Final Word: The Justice League part is great. The characters are perfect companions to their comic counterparts and their personal conflicts really add nuance to their personalities. The investigation is compelling and enjoyable. It uses all the members of the League to pull the most out of the team and to provide a convincing example of why they are better off together. Aquaman’s origins see some interesting developments as he deals with his incredible power with absolutely no means for comparison. It leads to some entertaining realizations for the character. Unfortunately the second act slows things down too much and they don’t pick up enough for the third; making the Throne of Atlantis aspect the proverbial thorn in the paw. It leads to some inconsistencies and obvious plot devices that telegraph a little too much and a little too early to be intriguing. There are also some inconsistencies with WAR (they took on Darkseid, but Orm can’t be stopped? Really? Orm?) that leads to some illusion shattering questions. Aquaman’s origin is too rushed as an obvious attempt to get him caught up with the rest of the characters, so he can be on equal footing for future installments. It’s a disservice to the character when a potentially interesting story is glossed over for brand recognition.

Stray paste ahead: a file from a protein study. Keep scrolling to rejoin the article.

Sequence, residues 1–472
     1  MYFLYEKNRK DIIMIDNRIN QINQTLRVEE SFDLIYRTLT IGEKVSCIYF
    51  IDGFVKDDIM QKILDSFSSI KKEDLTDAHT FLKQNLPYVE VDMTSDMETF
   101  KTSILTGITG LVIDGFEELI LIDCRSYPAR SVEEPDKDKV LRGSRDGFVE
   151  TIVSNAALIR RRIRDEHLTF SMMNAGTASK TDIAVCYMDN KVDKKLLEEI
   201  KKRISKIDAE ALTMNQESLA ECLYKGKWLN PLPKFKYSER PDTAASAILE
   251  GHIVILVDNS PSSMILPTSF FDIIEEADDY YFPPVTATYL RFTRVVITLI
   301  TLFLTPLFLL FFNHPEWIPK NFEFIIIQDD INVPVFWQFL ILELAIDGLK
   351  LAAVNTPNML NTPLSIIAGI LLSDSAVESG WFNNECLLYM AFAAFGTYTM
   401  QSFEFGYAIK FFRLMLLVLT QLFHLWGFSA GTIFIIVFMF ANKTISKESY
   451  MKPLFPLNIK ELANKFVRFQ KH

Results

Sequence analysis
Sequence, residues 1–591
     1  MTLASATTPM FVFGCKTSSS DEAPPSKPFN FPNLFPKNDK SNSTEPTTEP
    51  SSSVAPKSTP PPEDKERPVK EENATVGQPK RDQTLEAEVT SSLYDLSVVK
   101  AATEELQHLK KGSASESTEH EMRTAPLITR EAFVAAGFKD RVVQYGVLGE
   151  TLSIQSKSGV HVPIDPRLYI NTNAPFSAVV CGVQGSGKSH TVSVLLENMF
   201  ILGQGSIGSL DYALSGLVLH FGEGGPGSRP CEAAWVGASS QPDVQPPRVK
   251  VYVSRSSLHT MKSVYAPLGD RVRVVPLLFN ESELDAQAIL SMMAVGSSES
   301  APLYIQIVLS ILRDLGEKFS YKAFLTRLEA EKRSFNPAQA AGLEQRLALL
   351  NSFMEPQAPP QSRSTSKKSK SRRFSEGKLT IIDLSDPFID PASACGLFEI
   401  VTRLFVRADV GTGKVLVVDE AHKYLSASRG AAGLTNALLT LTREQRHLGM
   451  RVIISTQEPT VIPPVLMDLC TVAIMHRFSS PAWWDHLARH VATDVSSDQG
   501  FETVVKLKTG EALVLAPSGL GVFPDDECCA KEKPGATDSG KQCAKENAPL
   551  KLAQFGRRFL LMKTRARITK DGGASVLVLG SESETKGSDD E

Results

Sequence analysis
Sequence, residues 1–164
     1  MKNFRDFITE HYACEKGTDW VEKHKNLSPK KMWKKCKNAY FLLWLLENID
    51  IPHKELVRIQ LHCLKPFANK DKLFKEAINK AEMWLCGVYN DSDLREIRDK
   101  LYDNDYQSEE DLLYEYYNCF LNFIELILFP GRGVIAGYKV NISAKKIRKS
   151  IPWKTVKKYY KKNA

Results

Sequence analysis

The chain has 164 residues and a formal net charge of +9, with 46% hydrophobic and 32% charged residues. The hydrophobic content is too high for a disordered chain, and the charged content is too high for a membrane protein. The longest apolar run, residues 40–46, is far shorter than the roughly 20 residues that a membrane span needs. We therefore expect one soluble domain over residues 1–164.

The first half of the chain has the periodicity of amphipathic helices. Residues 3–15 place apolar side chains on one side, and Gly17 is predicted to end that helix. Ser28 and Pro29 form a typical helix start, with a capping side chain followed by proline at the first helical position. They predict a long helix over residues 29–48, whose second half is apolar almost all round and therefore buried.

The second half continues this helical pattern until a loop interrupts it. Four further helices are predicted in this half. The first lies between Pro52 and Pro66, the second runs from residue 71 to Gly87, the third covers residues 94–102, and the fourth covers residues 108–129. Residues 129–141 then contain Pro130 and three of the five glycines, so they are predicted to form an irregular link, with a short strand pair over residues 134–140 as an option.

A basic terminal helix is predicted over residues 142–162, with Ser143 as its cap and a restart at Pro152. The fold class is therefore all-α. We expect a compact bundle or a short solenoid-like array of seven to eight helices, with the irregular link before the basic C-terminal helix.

They had the start of a great Aquaman origin, but they didn’t give it enough singular time. It’s yet another stumble for a character that’s already seen as a joke; and that’s a shame. They had two good stories here with both the Justice League’s investigation and Aquaman’s origin. They could have done one and given it a proper showing, but instead they tried to do both and ended up with neither. The Justice League falls two acts short, and the Aquaman’s origin bull-rushes to an unsatisfying conclusion despite having a strong start.
Still, it’s a feast for both the eyes and ears, and the investigation scenes are the Justice League proving that the brand DC (Detective Comics) isn’t just a name. I would still recommend Justice League: Throne of Atlantis for its many good points and a great modern interpretation of Aquaman, but you’ll also face just as many problems as you will merits. You’re just gonna have to weigh those with how much you want to see Superman fight a giant squid.